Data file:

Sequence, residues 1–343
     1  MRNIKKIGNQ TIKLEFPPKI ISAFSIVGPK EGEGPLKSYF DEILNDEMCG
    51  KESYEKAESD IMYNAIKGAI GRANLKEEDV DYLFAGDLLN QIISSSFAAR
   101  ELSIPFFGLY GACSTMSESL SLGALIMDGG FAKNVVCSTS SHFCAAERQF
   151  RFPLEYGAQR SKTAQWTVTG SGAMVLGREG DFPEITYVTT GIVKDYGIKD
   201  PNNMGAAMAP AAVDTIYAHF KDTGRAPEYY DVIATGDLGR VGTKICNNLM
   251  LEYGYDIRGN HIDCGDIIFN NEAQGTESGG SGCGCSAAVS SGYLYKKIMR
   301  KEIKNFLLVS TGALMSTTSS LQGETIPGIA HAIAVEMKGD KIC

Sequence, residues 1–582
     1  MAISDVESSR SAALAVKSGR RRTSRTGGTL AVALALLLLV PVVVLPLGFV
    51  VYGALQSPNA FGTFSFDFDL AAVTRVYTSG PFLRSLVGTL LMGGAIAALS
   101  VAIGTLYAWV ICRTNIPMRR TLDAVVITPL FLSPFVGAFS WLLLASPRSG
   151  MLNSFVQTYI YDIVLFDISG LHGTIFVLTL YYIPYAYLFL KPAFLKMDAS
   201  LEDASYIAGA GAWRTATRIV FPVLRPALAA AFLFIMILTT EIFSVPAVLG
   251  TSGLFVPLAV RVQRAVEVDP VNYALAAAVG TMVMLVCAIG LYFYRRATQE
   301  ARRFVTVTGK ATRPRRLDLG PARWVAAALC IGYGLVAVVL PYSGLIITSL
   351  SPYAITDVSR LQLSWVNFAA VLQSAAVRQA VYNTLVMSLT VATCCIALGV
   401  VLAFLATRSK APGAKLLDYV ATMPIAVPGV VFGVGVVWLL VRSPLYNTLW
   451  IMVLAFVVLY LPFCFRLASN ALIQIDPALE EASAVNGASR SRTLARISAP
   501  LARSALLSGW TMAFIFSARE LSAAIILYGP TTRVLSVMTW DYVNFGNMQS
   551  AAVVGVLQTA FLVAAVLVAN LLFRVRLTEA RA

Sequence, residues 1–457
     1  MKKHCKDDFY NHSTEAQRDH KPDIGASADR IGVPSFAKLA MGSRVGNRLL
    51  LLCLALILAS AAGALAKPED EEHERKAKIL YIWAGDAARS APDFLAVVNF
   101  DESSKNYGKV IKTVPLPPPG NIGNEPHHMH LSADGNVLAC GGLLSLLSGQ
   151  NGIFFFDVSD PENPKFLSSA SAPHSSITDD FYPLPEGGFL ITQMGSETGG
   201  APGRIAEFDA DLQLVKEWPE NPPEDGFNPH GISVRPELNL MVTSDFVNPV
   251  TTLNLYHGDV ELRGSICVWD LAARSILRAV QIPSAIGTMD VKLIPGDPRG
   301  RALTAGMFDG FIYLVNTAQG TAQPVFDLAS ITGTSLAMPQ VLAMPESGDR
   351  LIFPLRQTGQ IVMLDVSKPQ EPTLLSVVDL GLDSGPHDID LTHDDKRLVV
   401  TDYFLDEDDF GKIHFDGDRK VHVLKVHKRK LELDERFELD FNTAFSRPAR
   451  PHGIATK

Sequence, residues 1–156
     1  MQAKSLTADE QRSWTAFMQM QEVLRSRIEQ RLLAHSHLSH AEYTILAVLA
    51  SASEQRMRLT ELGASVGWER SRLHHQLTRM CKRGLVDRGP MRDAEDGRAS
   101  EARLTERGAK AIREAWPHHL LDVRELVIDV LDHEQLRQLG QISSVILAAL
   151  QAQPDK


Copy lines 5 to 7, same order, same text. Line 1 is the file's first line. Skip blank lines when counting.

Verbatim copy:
   151  RFPLEYGAQR SKTAQWTVTG SGAMVLGREG DFPEITYVTT GIVKDYGIKD
   201  PNNMGAAMAP AAVDTIYAHF KDTGRAPEYY DVIATGDLGR VGTKICNNLM
   251  LEYGYDIRGN HIDCGDIIFN NEAQGTESGG SGCGCSAAVS SGYLYKKIMR